Last Updated: February 10, 2021
By Danielle Marceau, Senior Economist
Data updated 10/14/2020
This report details the lasting impact that COVID-19 has already had on small businesses and potentially will have in the future. Many past economic updates have focused on the consumer, the labor market, and their ability to spend. However, this report will take a more in-depth look at what drives the significant shifts in the lackluster labor market. In particular, this update focuses on some of the small business trends that are developing due to the pandemic.
In the context of the pandemic, we have once again started to see a general increase in the number of new cases globally. Cases of COVID-19 were stalling out late this summer, but we have seen a rise in the number of new cases again in recent weeks. Specifically, there is truly a third wave currently underway in the United States, and new cases are on the rise in the majority of the states. This third wave is adding significant headwinds for economic growth as we head into 2021. The longer that this pandemic continues, and the longer it takes for us to reign in the number of new cases and open up the economy again, it’s likely that the recession will be that much deeper and take that much longer to recover.
Permanent Business Closures Continue to Increase
Shifting the focus to some of the specific effects of COVID-19 on small businesses, data from the Yelp Economic Impact Report had some interesting findings on business closures.
Third-quarter data shows that total business closures have started to increase again. In the chart above, the top line is of all businesses on Yelp marked as closed versus the number of open businesses on March 1st of this year. According to Yelp, we were beginning to see a decline in the number of closed companies, but starting around July, the number of closures began to eek up again.
The bigger and more concerning implication here is that there are more permanent business closures since the beginning of the pandemic than there are temporary business closures, as indicated by the red line and the gray line in the chart above. Those lines converged in July, and currently, of the 163,000 businesses that were closed at the end of the third quarter compared to March 1st of this year, almost 98,000 of them are permanently closed.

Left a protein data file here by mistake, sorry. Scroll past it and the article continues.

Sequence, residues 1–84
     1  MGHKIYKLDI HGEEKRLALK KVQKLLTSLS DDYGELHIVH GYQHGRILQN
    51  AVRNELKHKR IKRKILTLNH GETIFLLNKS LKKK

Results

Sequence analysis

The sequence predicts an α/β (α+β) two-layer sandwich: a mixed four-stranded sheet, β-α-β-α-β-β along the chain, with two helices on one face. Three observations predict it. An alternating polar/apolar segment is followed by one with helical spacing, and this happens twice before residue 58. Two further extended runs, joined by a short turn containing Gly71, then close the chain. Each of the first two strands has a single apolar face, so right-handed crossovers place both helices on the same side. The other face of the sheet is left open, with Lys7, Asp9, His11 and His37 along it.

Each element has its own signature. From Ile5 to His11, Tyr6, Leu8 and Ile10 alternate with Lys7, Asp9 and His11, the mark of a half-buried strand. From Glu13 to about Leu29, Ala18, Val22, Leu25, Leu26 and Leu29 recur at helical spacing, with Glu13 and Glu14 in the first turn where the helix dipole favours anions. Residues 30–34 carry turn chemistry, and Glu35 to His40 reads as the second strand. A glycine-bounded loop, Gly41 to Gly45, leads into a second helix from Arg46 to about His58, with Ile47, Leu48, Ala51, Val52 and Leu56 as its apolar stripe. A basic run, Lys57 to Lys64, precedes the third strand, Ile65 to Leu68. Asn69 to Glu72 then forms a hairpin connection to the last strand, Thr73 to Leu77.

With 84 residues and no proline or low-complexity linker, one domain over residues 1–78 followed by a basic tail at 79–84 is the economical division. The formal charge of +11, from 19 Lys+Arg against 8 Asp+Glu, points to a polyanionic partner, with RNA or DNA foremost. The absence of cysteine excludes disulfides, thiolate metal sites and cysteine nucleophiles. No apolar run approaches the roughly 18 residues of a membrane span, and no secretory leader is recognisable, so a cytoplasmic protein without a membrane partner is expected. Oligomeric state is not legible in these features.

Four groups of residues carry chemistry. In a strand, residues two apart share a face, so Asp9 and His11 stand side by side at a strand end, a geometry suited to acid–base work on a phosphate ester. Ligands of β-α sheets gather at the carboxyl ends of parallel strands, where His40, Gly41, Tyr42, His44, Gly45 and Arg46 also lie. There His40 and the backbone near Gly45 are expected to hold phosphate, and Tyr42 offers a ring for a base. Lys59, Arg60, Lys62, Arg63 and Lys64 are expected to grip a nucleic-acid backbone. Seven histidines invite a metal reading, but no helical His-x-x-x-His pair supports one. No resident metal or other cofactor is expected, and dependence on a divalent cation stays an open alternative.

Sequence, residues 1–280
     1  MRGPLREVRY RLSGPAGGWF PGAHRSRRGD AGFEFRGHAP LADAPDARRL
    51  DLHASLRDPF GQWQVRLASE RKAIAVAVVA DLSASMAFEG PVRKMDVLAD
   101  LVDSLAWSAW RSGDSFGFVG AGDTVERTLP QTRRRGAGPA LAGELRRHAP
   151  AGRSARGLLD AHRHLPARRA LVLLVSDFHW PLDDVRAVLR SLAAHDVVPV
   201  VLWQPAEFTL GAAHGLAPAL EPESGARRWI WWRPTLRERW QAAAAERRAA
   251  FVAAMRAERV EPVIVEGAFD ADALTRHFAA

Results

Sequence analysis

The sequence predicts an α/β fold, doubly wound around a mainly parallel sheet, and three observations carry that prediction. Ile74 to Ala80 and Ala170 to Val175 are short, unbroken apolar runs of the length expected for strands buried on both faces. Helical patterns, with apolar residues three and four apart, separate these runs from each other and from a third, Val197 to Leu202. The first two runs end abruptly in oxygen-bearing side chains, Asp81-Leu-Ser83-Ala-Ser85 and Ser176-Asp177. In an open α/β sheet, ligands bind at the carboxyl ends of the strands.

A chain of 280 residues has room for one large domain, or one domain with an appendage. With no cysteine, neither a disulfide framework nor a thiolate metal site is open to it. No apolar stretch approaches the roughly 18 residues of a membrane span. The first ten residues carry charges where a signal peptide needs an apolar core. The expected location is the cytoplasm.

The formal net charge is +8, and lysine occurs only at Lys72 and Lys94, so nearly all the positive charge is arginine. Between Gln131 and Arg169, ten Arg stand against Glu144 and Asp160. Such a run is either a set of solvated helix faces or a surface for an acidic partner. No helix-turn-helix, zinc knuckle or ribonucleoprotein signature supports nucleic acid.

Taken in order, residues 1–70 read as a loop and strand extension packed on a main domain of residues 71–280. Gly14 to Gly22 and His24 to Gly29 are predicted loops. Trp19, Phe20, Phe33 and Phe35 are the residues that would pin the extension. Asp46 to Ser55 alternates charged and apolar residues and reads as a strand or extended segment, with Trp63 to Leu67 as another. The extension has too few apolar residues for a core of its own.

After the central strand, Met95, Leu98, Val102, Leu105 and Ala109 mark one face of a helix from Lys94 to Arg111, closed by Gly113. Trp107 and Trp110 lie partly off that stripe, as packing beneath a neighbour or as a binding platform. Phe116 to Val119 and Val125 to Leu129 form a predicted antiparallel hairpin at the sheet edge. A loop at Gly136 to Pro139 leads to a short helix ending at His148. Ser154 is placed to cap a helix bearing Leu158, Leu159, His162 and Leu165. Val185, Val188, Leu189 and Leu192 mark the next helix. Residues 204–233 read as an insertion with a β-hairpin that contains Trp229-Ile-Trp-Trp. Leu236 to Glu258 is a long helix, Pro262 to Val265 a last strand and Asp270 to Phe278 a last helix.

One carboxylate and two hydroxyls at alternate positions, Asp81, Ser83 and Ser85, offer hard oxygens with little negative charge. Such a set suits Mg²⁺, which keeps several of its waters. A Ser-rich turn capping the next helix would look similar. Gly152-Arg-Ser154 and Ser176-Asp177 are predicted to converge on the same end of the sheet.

These are some of the significant impacts of COVID-19 on businesses rippling their way through the labor market. Previous economic updates talked about the labor market and the structural shifts happening. The most recent report showed that temporary layoffs and permanent layoffs are converging, and there is no longer a higher number of temporary layoffs. Many of those temporary layoffs have now converted to permanent, and a good portion of this is because of this trend of businesses that have permanently shut their doors, causing some jobs to be permanently lost.
Specifically, this data suggests that the COVID-19 pandemic is shifting from a major short-term economic shock to a more widespread event with lasting economic impact. Ultimately, it will result in a long recovery ahead that is likely to be very slow as we continue to see these significant structural shifts.
Brick & Mortar Stores Close
Focusing on retail stores, specifically, those businesses with a brick and mortar front, provides a second source to confirm the data coming from the Yelp Economic Impact Report. The chart above shows an index of brick and mortar stores open with respect to a pre-COVID baseline. The percent of brick and mortar stores currently open is negative, indicating a lower percentage of stores open now than before COVID-19. The dotted blue line is specific to retail stores, whereas the solid black line includes all businesses with a brick and mortar front. As the chart indicates, there was a robust increase in May, June, and early summer as the economy started to open up again.